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Evidence-Based Reviews

Psychogenic or epileptic seizures? How to clinch the diagnosis

‘Pseudo’ seizure is misleading, as most patients do not feign symptoms

Vol. 3, No. 11 / November 2004

When you evaluate patients whose seizures could be epileptic or psychogenic, the evidence points to three useful diagnostic steps:

  • Step 1: Characterize the seizure by its triggers and presentation.
  • Step 2: Identify psychiatric comorbidity that might be precipitating psychogenic nonepileptic seizures (PNES). 1
  • Step 3: Obtain video EEG and blood tests for physiologic confirmation of epilepsy.

Using a case illustration, this article describes how to accomplish these steps by seeking clues in the patient’s seizure and psychiatric histories and choosing high-yield laboratory tests. When a PNES diagnosis becomes clear, we suggest an empathic approach that can help patients develop healthier responses to stress.


Psychiatric profile of patients with psychogenic seizures

Patients with psychogenic nonepileptic seizure (PNES)have high rates of repressed anger and life stressors. Psychodynamic interpretations postulate PNES as an unconscious conversion of emotional distress into physical symptoms, unlike factitious disorder’s intentionality. Repressed traumatic childhood sexual experience may be significant. 2

Family dynamics. PNES may be a maladaptive communication method by which an individual uses behavior to manipulate the environment to meet emotional needs or to compensate for an environment intolerant of direct verbal expression. 3

Characteristics. PNES patients are a heterogeneous group. They average a full-scale IQ of 92 in the lower quartile of intellectual capacity and neuropsychological functioning. PNES usually presents in the 20s but may occur at any age. PNES is more common in women than men (ratio 4:1). 4,5

Comorbidities. Up to 40% of patients treated at epilepsy centers are reported to have both epilepsy and PNES. 4,5 In a 1-year study at an EEG-video monitoring unit, however, only 9.4% of PNES patients had interictal epileptiform discharges to support a coexisting diagnosis of epilepsy. 4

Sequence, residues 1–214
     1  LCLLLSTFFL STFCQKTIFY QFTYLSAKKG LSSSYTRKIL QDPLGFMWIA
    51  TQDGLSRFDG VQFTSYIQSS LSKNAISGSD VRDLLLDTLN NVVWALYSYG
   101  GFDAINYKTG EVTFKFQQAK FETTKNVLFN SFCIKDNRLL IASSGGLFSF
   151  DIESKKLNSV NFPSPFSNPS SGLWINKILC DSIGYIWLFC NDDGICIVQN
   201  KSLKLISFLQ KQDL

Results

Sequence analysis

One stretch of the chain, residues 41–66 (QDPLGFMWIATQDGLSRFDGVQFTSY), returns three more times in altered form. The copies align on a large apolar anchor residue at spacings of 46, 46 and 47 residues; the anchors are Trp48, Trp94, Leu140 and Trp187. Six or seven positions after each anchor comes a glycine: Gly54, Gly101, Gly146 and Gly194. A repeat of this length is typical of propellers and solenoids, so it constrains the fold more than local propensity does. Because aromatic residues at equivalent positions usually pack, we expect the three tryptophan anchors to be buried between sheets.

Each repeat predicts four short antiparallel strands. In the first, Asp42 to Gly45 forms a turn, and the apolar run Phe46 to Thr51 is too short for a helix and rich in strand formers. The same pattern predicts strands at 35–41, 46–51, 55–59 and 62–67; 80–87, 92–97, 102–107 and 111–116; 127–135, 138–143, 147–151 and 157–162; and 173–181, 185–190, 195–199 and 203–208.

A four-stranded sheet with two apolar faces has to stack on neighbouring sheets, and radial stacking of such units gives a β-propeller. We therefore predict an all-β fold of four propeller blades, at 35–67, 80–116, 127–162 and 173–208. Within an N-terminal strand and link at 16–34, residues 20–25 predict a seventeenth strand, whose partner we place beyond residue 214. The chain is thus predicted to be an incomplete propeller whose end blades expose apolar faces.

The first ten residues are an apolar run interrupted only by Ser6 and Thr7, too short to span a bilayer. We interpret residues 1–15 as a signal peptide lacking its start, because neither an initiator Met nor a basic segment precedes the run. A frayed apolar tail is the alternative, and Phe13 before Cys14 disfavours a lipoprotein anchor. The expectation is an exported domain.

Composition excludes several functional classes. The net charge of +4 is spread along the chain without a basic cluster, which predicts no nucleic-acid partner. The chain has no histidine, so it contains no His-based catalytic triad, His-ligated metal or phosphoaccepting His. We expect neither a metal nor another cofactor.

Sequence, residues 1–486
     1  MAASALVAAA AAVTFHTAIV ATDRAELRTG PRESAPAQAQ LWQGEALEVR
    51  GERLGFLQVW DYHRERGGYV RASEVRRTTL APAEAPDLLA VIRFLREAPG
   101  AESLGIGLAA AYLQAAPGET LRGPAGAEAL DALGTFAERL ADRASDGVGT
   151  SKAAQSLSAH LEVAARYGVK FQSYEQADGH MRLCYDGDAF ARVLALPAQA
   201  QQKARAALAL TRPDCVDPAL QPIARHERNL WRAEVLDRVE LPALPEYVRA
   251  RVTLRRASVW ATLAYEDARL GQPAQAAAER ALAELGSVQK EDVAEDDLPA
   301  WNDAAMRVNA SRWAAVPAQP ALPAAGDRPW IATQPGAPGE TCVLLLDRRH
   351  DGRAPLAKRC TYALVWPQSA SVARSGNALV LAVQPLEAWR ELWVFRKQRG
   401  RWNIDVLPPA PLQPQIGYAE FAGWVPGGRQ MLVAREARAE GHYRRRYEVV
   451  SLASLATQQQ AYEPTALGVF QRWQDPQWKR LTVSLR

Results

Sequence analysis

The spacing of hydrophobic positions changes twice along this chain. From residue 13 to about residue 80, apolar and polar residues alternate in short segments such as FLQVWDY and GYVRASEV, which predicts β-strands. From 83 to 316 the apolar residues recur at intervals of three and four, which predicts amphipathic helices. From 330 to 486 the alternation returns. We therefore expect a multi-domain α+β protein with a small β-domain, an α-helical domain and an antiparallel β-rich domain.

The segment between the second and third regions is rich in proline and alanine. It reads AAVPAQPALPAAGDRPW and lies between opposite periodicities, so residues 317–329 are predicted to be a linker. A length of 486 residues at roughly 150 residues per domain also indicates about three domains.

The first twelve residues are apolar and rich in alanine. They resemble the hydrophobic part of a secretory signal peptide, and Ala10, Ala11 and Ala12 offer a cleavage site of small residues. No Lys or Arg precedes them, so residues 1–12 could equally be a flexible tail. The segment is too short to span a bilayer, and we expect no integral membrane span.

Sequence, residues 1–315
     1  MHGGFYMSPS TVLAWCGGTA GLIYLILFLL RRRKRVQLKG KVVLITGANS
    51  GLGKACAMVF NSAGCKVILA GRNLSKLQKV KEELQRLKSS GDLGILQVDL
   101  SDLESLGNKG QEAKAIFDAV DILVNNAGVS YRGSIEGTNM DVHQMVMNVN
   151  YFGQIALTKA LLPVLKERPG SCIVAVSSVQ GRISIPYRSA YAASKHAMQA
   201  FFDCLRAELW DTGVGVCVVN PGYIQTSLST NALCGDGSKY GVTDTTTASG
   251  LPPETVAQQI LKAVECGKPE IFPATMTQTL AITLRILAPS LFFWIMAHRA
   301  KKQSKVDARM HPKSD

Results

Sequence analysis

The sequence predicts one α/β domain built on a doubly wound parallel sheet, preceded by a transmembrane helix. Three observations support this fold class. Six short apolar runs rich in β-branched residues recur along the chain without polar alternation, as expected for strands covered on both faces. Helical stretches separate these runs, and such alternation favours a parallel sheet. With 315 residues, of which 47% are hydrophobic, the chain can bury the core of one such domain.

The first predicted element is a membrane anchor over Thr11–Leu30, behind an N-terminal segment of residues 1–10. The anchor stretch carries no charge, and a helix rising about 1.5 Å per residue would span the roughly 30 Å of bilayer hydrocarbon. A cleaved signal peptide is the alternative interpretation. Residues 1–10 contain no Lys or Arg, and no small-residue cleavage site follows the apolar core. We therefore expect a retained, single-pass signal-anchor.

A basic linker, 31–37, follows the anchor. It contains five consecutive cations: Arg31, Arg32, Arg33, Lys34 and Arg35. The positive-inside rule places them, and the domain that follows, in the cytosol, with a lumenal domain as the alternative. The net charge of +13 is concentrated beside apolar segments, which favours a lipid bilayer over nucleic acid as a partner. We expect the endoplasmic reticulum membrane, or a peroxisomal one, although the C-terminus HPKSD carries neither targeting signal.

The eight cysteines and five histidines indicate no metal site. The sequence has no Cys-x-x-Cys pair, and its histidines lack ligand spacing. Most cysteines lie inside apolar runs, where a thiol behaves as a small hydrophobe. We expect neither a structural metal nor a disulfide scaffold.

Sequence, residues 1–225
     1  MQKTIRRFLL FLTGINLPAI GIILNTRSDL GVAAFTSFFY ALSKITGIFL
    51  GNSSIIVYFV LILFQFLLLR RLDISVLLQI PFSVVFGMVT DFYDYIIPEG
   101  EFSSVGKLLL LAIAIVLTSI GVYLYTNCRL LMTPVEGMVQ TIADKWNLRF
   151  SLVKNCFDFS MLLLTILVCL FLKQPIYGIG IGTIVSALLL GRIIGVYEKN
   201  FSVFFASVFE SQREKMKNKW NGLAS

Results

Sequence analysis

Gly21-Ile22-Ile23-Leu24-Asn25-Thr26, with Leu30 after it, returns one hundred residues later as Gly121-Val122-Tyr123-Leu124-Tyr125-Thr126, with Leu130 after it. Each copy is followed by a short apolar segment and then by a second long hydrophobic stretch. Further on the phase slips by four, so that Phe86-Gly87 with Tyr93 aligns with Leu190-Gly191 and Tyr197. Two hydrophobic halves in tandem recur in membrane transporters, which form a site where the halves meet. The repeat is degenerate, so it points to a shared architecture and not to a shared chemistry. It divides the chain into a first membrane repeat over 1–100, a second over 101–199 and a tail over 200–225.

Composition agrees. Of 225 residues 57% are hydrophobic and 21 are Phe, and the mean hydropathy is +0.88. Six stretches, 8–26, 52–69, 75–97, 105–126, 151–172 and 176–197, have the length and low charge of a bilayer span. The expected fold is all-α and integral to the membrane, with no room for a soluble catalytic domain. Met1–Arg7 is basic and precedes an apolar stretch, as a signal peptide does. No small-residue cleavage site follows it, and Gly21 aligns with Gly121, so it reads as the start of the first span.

PNES may be highly associated with somatoform disorder, mood disorder, anxiety disorder, brief reactive psychosis, or schizophreniform disorder. 6


Ms. X’s husband brought her to the emergency room after her third tonic-clonic convulsion within 1 week. He reported that her eyes suddenly rolled up and she became limp and fell down after they argued about money. She suffered a minor temple laceration, but this seizure—unlike past episodes—was not associated with mouth foaming or fecal or urinary incontinence.

Ms. X, age 35, has a history of seizure disorder and 5 years of unemployment when seizures were uncontrolled. Her seizures have been stabilized for 18 months with phenytoin, 300 mg bid. She has been hospitalized twice for major depressive disorder, most recently 2 years ago. Since then, her depression has been in remission with paroxetine, 20 mg once daily. She does not abuse drugs or alcohol. She has been married 8 years, has no children, and receives disability income.

Ms. X was stabilized and admitted for neurologic evaluation. CT and MRI were normal, EEG recordings were unremarkable, and blood workup revealed slightly elevated creatine kinase but normal prolactin. Her phenytoin serum level was 12 mcg/mL (therapeutic range, 5 to 20 mcg/mL). When video-EEG recording during one seizure revealed no abnormality, the neurologist requested psychiatric consultation.


Patients with PNES are a heterogeneous population (Box) 2-6 that appears repeatedly at emergency rooms, resulting in multiple investigations and treatment with antiepileptic medications. Those with both PNES and epileptic seizure disorders, such as Ms. X, present a particularly difficult clinical dilemma as:

  • discontinuing anticonvulsants may exacerbate epileptic seizures
  • increasing the medication in the mistaken belief that a seizure breakthrough has occurred could result in toxic serum levels.

Psychological stressors may precipitate PNES in a person who has never had a seizure or in someone with co-existing epilepsy. Patients with PNES frequently deny a correlation between emotional stress and their seizures, whereas the opposite usually holds for patients who have experienced an epileptic seizure. 7,8

PNES has been called “pseudoseizure” a term we believe is unfair to patients because the etiologic determinants are mostly subconscious. 9 Although one author has defended the term, 10 we agree with others that “pseudoseizure” can give a misleading impression that patients feign their symptoms. 9